The Faucets and Fatalities of ‘Mad Men’

Gee, I was all ready to be one of those nit-picky people who zero in on one detail of a “Mad Men” episode – a song, a phrase, a scrap of clothing – and then chide the show for having it wrong, showing something a little out of time.

“Mad Men” prides itself on its detail, so this is a challenging game to play. Already this season, they changed the song in the season premiere when critics balked. “The Look of Love” wasn’t the song Mrs. Draper sang saucily to her shocked party guests; it was the end music that played over the title. Still, because the premiere takes place in 1966, a single not released until January 1967 would have been out of place. It was switched for the premiere to “Walk On By.”

“We have replaced this song with one more suited to the time period,” he informed critics before the March 25 premiere, explaining, “Although we take license for artistic purposes with the end-title music, we never want the source music to break from the time period we are trying to recreate.”

So when the latest episode concerned, at one point, a faulty Delta faucet, I thought I was onto something. Did these things exist in 1966?

Alas, they did. The single ball valve faucet was developed by a Detroit manufacturing company that called it Delta (because of the shape of the faucet looked like a lower case d – and Delta was the fourth letter of the Greek alphabet).

Though it was so odd, they had to at first give it away to plumbers, it eventually caught on, and indeed is still very popular today.

I became well acquainted with it when the one in our house started dripping incessantly. Just like the one in Pete Campbell’s Cos Cob house. He rolled up his sleeves to repair it, but during a dinner party it turns into a fountain, dousing the women folk who had gone into the kitchen to clean up.

Enter superman Don Draper, who doffs his shirt (and gaudy plaid sportscoat) to do the repair himself.

Things were tougher in the 60s, we are reminded, because they didn’t have YouTube videos for would-be do-it-yourselfers to watch over and over before venturing to the hardware store and trying to fix it without calling a plumber.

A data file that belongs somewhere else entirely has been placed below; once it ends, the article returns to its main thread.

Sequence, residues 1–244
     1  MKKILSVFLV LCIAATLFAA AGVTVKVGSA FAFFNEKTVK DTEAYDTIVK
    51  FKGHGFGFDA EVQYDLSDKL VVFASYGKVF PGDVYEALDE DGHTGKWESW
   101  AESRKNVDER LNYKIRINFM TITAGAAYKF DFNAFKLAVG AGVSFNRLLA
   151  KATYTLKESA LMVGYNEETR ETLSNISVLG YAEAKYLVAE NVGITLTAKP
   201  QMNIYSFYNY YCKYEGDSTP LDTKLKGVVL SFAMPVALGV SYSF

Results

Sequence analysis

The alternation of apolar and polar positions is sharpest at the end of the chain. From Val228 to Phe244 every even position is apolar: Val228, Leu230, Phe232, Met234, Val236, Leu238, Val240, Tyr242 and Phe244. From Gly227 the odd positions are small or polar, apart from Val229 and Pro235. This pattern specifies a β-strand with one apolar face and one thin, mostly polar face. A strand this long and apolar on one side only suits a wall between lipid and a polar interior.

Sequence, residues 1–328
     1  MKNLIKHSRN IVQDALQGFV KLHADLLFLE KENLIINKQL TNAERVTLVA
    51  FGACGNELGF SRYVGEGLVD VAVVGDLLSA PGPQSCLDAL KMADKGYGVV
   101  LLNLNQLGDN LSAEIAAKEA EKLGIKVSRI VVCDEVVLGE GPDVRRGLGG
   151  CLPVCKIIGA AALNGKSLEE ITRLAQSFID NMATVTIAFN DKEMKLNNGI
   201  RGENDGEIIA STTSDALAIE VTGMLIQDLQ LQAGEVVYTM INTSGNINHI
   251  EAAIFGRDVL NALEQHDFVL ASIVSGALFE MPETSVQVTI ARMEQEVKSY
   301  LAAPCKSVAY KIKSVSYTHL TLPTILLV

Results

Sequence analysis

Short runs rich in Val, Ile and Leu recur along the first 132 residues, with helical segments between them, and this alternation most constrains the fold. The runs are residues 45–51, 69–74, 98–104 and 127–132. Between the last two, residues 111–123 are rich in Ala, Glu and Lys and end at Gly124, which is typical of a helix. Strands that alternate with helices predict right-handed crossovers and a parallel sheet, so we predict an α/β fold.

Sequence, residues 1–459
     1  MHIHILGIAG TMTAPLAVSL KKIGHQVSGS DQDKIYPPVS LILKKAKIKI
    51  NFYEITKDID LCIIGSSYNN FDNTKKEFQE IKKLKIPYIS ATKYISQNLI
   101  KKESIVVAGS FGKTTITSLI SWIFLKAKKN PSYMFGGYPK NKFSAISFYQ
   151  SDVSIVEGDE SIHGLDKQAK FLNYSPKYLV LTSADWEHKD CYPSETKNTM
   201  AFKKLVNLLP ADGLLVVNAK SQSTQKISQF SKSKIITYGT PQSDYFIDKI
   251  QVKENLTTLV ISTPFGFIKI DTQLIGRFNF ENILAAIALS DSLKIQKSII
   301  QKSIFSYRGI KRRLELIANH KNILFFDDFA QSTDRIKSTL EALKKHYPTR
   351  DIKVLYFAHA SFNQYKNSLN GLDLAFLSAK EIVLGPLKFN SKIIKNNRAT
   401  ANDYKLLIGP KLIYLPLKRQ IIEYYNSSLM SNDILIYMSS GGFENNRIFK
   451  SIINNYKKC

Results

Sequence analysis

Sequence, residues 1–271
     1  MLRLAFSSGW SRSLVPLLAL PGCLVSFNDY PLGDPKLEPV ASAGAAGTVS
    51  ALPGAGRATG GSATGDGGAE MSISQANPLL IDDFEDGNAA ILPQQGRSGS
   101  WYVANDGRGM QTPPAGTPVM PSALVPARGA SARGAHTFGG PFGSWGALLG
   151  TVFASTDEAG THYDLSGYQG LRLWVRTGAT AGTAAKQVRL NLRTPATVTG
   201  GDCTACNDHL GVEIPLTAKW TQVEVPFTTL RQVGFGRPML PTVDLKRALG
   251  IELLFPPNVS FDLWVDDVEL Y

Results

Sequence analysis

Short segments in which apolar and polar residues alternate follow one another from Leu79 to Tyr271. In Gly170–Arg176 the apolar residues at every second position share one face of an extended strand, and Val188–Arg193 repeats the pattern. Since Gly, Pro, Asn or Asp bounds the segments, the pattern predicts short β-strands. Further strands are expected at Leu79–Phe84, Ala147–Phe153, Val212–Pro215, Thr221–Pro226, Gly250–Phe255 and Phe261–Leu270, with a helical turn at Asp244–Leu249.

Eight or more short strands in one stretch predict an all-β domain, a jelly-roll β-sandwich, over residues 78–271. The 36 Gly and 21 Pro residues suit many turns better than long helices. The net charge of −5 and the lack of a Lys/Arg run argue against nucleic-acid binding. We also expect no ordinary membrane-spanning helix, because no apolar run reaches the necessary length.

Yet from watching those videos – and attempting the fix – I also know that the main fixing done on the faucet isn’t beneath the sink, but at the faucet itself, where a special “Delta screwdriver” is needed to disassemble it, fix the washer settings or whatever, and replace it.

Draper seemed to have this covered, but still he fiddled beneath the sink a little too much. And I only know this because my own attempt to replace the Delta faucet with new inner parts resulted in stopping the drip, yes, but causing a whole new problem: cascades of water flowing from the base of the faucet when it’s turned on.

Fixing the faucet was the sexiest thing Don Draper did in that episode according to some women’s comments in the show. I got no such praise, though perhaps it’s because I, like Pete Campbell, failed in my manly attempt.

The other thing that hit home in the episode titled “Signal 30” was the cautionary gorefest of a driving safety movie issued by the Ohio State Patrol in 1959 that everyone had to watch in the 60s. Kids used to talk about it for years before they got to drivers ed: “Wait til you see ‘Signal 30.’” When I finally was subjected to it, the gory footage of blood and death, supposedly from actual accidents, looked so foreign (maybe because the cars were all much older models) that it seemed all faked.

Certainly it had no effect on Campbell, finally getting his license, or the teenager he had his eyes on.

And maybe that part, finally, is the detail with which I’d like to slightly quibble.

Because this is the 21st century, you can have “Signal 30” at your fingertips. Watch at your own peril.

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